144 – An Unorthodox View of Atoms

Even with our advanced evolutionary progress it has been very difficult for our brains to incorporate the fact that atoms are our most basic component elements; as we have, for instance, incorporated the fact that the earth orbits the sun and not as otherwise appears to our senses, or as we have begun to incorporate … with reticence … the fact that our ancestry is simian and that homo sapiens came out of black Africa.

 Atoms, as immense as our Universe is and so far as we know, congregate into mere 118 elements (see periodic table below), with some of those elements forming chemical compounds such as molecules which, in us, organize into cells, which then organize into hearts, brains, bone, blood, and in unison, create the experience we call Mind, Soul, Inner Force, Energy, Spirit. The capacity of a relatively small amount of elements to congregate with immensurable creativity into myriad manifestations of existence, is undoubtedly inherited from a primordial blueprint that blankets everything created within our Universe … from the most basic elements, to stars and galaxies … with the universal mandate to Self-organize, Self-generate, Bond, Adapt, Self-perpetuate, Transform.

periodic-table

 

Incapable of perceiving with our limited organic senses the self-determination of this universal mandate in atoms, we currently think of them as mechanical, purposeless structures with one or more electrons bound to a nucleus by a ‘magnetic’ force, yet void of the intelligence required to self-organize and bond with increasing complexity. How then to account for the fact that in such an immense Universe as ours, atoms have grouped into mere 118 elements, which makes their astonishing capacity to self-organize in an evolving Universe plainly obvious; how to account for the fact that some of the combinations atoms create as they bond and separate (isotopes, nuclides*) can be as ancient as to be present since the birth of our solar system, which makes it obvious that their architecture can be perpetuated with unimaginable self-determination for billions of years amid an evolving Universe; or how to account for the fact that their ability to associate and dissociate, in affinity with changing environments, is responsible for most of the creativity observed in Nature.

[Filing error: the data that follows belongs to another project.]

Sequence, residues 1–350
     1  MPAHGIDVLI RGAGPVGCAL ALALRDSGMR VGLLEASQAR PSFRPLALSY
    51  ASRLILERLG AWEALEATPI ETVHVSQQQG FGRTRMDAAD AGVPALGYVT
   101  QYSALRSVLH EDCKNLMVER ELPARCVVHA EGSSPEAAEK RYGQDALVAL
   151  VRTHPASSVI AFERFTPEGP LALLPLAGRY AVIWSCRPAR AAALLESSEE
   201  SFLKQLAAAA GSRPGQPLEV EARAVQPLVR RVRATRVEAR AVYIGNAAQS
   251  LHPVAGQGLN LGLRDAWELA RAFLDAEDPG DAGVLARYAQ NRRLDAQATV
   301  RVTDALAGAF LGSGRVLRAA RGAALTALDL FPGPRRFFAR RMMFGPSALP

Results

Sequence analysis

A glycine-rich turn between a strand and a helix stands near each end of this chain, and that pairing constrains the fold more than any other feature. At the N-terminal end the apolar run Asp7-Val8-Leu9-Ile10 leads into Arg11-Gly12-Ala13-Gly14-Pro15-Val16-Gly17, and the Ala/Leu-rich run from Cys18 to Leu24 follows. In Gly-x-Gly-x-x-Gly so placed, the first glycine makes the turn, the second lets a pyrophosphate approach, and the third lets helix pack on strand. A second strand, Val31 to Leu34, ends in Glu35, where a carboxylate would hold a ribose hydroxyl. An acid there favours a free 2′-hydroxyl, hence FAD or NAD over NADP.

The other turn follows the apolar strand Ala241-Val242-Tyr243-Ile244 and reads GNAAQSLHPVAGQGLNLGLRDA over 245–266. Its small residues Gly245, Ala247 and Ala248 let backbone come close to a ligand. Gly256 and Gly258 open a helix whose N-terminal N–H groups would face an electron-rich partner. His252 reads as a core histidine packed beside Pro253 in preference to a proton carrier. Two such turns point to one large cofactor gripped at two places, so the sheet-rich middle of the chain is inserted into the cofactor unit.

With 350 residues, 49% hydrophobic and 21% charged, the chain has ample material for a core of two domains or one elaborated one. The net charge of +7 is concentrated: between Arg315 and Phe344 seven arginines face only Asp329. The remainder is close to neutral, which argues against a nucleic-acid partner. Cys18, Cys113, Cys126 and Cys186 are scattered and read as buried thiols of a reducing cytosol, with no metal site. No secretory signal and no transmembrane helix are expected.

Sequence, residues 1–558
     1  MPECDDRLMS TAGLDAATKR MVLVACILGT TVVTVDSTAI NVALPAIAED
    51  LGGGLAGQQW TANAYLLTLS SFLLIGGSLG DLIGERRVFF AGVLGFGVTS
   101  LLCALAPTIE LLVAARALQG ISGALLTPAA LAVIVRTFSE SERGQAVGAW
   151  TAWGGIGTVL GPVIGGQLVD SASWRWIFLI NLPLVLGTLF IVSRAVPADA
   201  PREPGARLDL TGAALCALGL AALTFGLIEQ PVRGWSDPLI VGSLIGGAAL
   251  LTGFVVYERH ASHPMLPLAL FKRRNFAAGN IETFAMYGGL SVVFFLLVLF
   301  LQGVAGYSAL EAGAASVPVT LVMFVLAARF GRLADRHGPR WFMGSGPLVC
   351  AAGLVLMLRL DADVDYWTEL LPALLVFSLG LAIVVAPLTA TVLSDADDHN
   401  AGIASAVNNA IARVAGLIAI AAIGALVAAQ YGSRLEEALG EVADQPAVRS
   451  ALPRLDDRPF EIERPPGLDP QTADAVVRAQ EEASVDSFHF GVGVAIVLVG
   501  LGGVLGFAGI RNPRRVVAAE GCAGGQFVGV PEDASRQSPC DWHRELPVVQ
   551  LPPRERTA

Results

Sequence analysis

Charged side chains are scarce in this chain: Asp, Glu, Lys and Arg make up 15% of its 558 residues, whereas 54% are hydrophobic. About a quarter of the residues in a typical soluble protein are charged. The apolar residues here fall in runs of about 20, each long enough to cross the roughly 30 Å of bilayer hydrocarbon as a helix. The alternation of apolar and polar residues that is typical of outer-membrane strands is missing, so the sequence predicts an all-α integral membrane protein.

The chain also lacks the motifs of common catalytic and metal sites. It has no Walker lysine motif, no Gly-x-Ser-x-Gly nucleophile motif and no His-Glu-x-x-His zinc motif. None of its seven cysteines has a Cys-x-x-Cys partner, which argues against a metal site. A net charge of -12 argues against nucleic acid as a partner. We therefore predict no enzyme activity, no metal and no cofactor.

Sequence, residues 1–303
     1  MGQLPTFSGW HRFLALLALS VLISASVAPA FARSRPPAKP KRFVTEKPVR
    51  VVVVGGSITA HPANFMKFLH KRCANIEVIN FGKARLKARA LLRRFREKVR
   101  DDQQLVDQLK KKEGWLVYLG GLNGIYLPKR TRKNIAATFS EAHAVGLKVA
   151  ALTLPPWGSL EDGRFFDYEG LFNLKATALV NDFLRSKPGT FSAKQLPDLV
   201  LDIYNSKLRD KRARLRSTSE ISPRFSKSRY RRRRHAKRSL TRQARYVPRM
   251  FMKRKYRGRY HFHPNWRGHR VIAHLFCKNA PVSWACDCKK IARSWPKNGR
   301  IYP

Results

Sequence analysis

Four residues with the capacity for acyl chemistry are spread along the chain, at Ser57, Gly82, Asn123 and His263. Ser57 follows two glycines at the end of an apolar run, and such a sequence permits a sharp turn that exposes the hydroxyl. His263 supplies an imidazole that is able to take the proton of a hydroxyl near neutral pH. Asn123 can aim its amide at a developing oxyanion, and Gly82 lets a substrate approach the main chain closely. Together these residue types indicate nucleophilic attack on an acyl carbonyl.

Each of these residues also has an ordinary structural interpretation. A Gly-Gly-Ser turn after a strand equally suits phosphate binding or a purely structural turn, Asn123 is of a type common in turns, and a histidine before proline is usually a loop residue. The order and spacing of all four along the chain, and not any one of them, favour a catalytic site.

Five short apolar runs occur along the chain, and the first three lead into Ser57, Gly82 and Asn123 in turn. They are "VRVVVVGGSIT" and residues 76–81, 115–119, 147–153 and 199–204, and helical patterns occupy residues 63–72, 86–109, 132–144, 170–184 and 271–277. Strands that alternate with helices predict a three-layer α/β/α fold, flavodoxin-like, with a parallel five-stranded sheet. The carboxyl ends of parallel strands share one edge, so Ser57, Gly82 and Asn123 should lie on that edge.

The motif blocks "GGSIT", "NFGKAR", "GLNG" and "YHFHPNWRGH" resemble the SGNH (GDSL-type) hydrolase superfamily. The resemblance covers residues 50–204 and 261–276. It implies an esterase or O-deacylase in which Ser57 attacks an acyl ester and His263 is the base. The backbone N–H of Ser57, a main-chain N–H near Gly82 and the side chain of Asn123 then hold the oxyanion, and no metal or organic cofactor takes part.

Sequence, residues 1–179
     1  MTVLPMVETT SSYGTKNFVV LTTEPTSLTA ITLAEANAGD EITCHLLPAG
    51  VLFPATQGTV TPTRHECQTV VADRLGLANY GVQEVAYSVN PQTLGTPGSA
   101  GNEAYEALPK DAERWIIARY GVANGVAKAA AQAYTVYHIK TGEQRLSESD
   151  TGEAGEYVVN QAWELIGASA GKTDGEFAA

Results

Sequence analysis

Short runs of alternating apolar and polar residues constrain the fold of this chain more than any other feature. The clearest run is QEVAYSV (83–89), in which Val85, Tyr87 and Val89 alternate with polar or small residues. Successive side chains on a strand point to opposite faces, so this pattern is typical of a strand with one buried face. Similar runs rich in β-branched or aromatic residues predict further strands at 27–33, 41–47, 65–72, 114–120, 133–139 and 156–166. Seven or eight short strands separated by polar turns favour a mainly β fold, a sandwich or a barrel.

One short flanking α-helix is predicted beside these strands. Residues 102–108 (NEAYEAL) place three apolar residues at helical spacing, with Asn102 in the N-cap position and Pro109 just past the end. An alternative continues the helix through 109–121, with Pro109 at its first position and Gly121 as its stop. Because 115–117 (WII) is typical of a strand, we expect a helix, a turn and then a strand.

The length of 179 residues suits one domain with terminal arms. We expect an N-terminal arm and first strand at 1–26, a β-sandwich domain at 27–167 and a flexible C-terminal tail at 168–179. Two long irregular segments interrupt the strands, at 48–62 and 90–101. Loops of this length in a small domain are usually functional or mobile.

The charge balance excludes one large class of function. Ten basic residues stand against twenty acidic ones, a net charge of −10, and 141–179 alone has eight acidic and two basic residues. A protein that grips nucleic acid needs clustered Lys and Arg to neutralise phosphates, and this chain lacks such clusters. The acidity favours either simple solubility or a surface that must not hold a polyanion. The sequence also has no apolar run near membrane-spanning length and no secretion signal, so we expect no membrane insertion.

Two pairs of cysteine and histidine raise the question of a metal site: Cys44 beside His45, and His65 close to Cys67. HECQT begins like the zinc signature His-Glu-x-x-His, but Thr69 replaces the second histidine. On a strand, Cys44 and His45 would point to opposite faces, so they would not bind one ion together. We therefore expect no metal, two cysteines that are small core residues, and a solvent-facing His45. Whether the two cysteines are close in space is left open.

If atoms behave with such a degree of self-determination, if they self-organize with such a creative and dramatically concise order, if they are so adaptable as to being able to congregate with ingenuity and cohesion into myriad self-generating forms, if they are bound, as each one of us is, by the same universal mandate that has given us our intelligence … Self-organize, Self-generate, Bond, Adapt, Self-perpetuate, Transform … there is no way to negate their intelligence.

“Astonishing! Everything is intelligent.” Pythagoras

As Andre Gide once said “All this has been said before – but since nobody listened, it must be said again.”

Anaxagoras:

“In everything there is a share of everything.”

Pythagoras:

“Know thyself and thou will know the Universe.” “Thou shall likewise know that according to Law, the nature of the Universe is in all things.”

“Astonishing! Everything is intelligent.”

Aristotle:

“For the eyes of bats are to the blaze of day, so is the reason in our soul to the things which are by nature most evident of all.”

A World Made by Atoms by Margarete Cavendish, Duchess of Newcastle:

Small atoms of themselves a world may make,/For being subtle, every shape they take;/And as they dance about, they places find,/Of forms, that best agree, make every kind./For when we build a house of brick, or stone,/We lay them even, every one by one:/And when we find a gap that’s big, or small,/We seek out stones to fit that place withal./For when as they too big, or little be,/They fall away, and cannot stay, we see./So atoms, as they dance, find places fit,/And there remaining close and fast will knit./Those which not fit, the rest that rove about,/Do never leave, until they thrust them out./Thus by their forms and motions they will be,/Like workmen, which amongst themselves agree;/And so, by chance, may a new world create:/Or else predestinate, may work by fate.

Atoms of the same elements have the same number of protons, called the atomic number: for example, all copper atoms contain 29 protons. Within a single element the number of neutrons may vary, determining the isotope of that element: for example, all hydrogen atoms admit exactly one proton, but isotopes exist with no neutron (hydrogen-1 is by far the most common form). The total number of protons and neutrons determine the nuclide. Wikipedia

Note: New posts are usually published on the 1st and 15th of the month. To subscribe to the blog click on the RSS feeder (orange icon) on the left column of the Home page down below the Archives

Be Sociable, Share!

Leave a Reply